40For a discussion of Lucian's larger satiric treatment of religion, philosophy, and literature, see Christopher P.Jones, Culture and Society in Lucian (Cambridge: Harvard University Press, 1986) 4658; MarcelCaster, Lucien et la pensée religieuse de son temps (Paris: Les Belles Lettres, 1937).

41Lucian had knowledge of both the Old and New Testaments. Hans Dieter Betzwrites, “Die Schriften des Lucian von Samosata verraten eine merkwürdige Bekanntschaft mit den Schriften des Alten und Neuen Bundes. Daraus fällt ein besonderes Licht auf die Geschichte des biblischen Kanons” (Lucian von Samosata und das Neue Testament. Religionsgeschichtliche und paränetische Parallelen [Berlin: Akademie Verlag, 1961] 12, citing P.Rieβler, “Lucian von Samosata und die Heilige Schrift,” TQ 140 [1933] 6472, at 64).

42Betz, Lucian von Samosata, 92–93. See, e.g., Ver. hist. 2.11 and Rev 22:11–21. Also, in another scene, the protagonist and his crew survive in the belly of a whale in a manner reminiscent of the biblical story of Jonah (Ver. hist. 1.42–2.1); see Georgiadou and Larmour, Science Fiction Novel, 22.

43See Betz, Lucian von Samosata, 176; Georgiadou and Larmour, Science Fiction Novel, 22. A direct literary connection, however, is difficult to establish. Lucian's parody of Dionysus's wine miracles in Ver. hist. 1.7 offers an interesting point of comparison with Leuc. Clit. 2.2. On the relationship between Jesus's wine miracle in John 2:1–11 and Dionysiac mythology, see below.

44For a discussion of Peregrinus and a similar work of Lucian, Alexander the False Prophet, see R. BrachtBranham, Unruly Eloquence: Lucian and the Comedy of Traditions (Cambridge: Harvard University Press, 1989) 181210.

45Goldhill likewise regards Achilles Tatius's treatment of literary and intellectual traditions as similar to that of Lucian, “a serio-comic sophist who engages his audience in a playful reappraisal of the contemporary value of its celebrated cultural past” (Foucault's Virginity, 93 n. 85, citing Branham, Unruly Eloquence, 7).

46JoachimJeremias, The Eucharistic Words of Jesus (trans. NormanPerrin; London: SCM Press, 1966) 100.

47Andrew BrianMcGowan, however, disputes that the earliest function of the institution narrative was liturgical (“‘Is There a Liturgical Text in This Gospel?’: The Institution Narratives and Their Early Interpretive Communities,” JBL 118 [1999] 7387). He argues rather that their earliest use was primarily catechetical; prior to the 3rd cent., there is no clear evidence for the use of these narratives in liturgy (85).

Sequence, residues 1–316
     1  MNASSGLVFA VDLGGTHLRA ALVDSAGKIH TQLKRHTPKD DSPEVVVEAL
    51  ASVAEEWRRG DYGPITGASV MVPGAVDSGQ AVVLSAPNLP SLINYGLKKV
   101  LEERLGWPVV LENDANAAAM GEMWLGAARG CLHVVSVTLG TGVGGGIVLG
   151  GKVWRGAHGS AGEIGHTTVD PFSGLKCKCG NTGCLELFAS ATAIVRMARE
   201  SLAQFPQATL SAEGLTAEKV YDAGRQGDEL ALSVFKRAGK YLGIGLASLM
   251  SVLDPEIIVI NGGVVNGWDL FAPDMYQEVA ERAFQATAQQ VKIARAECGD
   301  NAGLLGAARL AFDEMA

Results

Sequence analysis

48Jeremias, Eucharistic Words, 186; see also JoelMarcus, Mark 8–16: A New Translation with Introduction and Commentary (AB 27A; New Haven, Conn.: Yale University Press, 2009) 959–63.

49John 6:51c: “the bread that I shall give for the life of the world is my flesh” (ὁ ἄϱτος δὲ ὃν ἐγὼ δώσω ἡ σάϱξ μού ἐστιν ὑπὲϱ τς το κόσμου ζως); cf. 1 Cor 11:24b: “this is my body, which is for you” (τοτό μού ἐστιν τὸ σμα τὸ ὑπὲϱ ὑμν). See Jeremias, Eucharistic Words, 106–8.

50On the diversity in early eucharistic practices, see Andrew BrianMcGowan, Ascetic Eucharists: Food and Drink in Early Christian Ritual Meals (Oxford: Oxford University Press, 1999) 143–98. There is also a complex historical relationship between the Eucharist and the love feast (ἀγάπη); on this, see Jeremias, Eucharistic Words, 115–22. He suggests that by the time of Paul, the Agape meal and the Eucharist were already separated, in part to keep guests out of the ceremony (133). See also Joseph A.Fitzmyer, First Corinthians: A New Translation with Introduction and Commentary (AB 32; New Haven, Conn.: Yale University Press, 2008) 428–29. He proposes that Paul's instructions in 1 Cor 11:17–22 in fact led to this separation.

51Justin, 1 Apol. 66.3: “For the apostles, in the memoirs composed by them, which are called Gospels, passed down what was commanded them thus: ‘Jesus, after taking bread and giving thanks, said,’ ‘do this in remembrance of me;’ ‘this is my body’; ‘and likewise, after taking the cup and giving thanks, he said,’ ‘this is my blood’” (Οἱ γὰϱ ἀπόστολοι ἐν τος γενομένοις ὑπ’ αὐτν Ἀπομνημονεύμασιν, ἃ κατεται Εὐαγγέλια, οὕτως παϱέδωκαν ἐντετάλθαι αὐτος· “τὸν Ἰησον λαβόντα ἄϱτον εὐχαϱιστήσαντα εἰπεν·” “Τοτο ποιετε εἰς τὴν ἀνάμνησίν μου·” “τοτ’ ἐστι τὸ σμά μου·” “κα τὸ ποτήϱιον ὁμοίως λαβόντα κα εὐχαϱιστήσαντα εἰπεν·” “τοτό ἐστι τὸ αμά μου”). See here McGowan, “‘Liturgical Text?’,” 80–83. On Justin's use of the New Testament Gospels, see HelmutKoester, Ancient Christian Gospels: Their History and Development (Philadelphia: Trinity Press International, 1990) 360402.

52Jeremias, Eucharistic Words, 132. He suggests that this is the reason why John only paraphrases the words (125).

53Ibid., 126–29.

54See, e.g., AlbertHenrichs, “Pagan Ritual and Alleged Crimes of the Early Christians,” in Kyriakon: Festschrift Johannes Quasten (ed. PatrickGranfield and Josef A.Jungmann; 2 vols; Münster: Aschendorff, 1970) 1:1835; Stephen Benko, “Pagan Criticism of Christianity during the First Two Centuries A.D.,” ANRW 23.2.1055–118, esp. 1083–89; and PeterBrown, The Body and Society: Men, Women, and Sexual Renunciation in Early Christianity (New York: Columbia University Press, 1988) 140–59.

55These observations are in Galen's summary of Plato's Republic, a work preserved only in Arabic quotations; for a translation, see RichardWalzer, Galen on Jews and Christians (London: Oxford University Press, 1949) 15. On Galen's view of Christianity, see Robert LouisWilken, The Christians as the Romans Saw Them (New Haven, Conn.: Yale University Press, 1984) 6893.